People are rightfully angry about Jon Stewart’s response to the Louis C.K. allegations
On November 9th, The New York Times published an exposé documenting the accounts of five women accusing Louis C.K. of sexual misconduct. On November 10th, the shamed comedian responded to the allegations by issuing a statement in which he admitted the claims against him were true. His fellow comedian and friend Jon Stewart recently admitted he was “stunned” by C.K.’s actions — a statement which has left many angry.
The former host of Comedy Central’s The Daily Show appeared on The Today Show Tuesday, November 14th, to promote his upcoming charitable concert, “Night of Too Many Stars” — an HBO event C.K. was originally scheduled to appear on before the network severed ties with him. During the appearance, Stewart was asked for his comments on C.K.’s recent admission, and in addition to stating that he was “stunned,” he said,
“You know, you give your friends a benefit of the doubt. I try to think of it in terms of…I’ve had friends who’ve had compulsions and who have done things — gambling or drinking or drugs — and we’ve lost some of them. Some of them have died. You always find yourself back to a moment of, ‘Did I miss something? Could I have done more?’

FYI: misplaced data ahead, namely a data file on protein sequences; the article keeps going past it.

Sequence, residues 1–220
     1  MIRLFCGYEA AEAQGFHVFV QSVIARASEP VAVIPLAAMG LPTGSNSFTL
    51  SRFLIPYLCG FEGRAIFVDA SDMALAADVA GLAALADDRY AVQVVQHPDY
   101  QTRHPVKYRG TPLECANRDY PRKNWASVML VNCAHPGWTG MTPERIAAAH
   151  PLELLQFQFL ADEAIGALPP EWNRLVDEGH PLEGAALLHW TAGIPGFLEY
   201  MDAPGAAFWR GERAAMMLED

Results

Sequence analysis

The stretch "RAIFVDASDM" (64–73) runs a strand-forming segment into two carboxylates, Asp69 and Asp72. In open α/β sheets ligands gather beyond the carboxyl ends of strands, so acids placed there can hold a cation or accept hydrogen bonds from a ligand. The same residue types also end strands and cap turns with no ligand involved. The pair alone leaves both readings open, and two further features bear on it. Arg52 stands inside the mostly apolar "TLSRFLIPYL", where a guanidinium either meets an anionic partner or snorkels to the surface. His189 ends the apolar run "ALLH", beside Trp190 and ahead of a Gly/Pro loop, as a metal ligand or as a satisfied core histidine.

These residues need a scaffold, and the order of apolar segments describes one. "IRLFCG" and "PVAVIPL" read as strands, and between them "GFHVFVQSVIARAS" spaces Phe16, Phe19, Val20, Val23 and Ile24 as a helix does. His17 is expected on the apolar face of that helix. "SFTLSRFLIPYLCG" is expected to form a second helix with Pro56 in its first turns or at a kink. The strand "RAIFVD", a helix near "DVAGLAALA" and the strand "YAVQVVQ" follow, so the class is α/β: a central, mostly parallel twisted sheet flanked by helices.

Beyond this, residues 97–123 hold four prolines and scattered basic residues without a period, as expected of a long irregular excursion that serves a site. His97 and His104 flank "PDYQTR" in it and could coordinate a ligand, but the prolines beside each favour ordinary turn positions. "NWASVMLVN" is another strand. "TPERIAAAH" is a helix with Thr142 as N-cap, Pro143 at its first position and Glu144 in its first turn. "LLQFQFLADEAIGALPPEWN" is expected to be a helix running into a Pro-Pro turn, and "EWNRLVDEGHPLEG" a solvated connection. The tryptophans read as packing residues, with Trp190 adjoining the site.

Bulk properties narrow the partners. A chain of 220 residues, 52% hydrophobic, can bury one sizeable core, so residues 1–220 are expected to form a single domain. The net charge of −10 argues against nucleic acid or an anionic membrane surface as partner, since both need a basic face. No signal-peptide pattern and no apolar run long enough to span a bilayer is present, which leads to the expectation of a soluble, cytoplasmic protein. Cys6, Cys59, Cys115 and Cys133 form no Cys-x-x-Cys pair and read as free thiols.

However, Stewart had heard the rumors about Louis C.K. in the past…
So, how can you be “stunned” by something you’d already heard about?
Back in 2016, during a live taping of David Axelrod’s podcast The Axe Files, a student in the audience directly asked Stewart about the C.K. rumors. But Stewart quickly dismissed them, even laughing them off with, “So the internet said Louis harassed women? You know who you’re talking to, right?”
If anything, Stewart could perhaps be “disappointed” or “disgusted” in his friend. But to say he was “stunned” implies he had no knowledge of these rumors (which we know to be false) and removes him from accountability.
Let’s hope this serves as a reminder to men everywhere that they have the power to help police this problem and that we all must take claims of sexual misconduct seriously. Doing so can help eradicate systemic sexual harassment and abuse for good.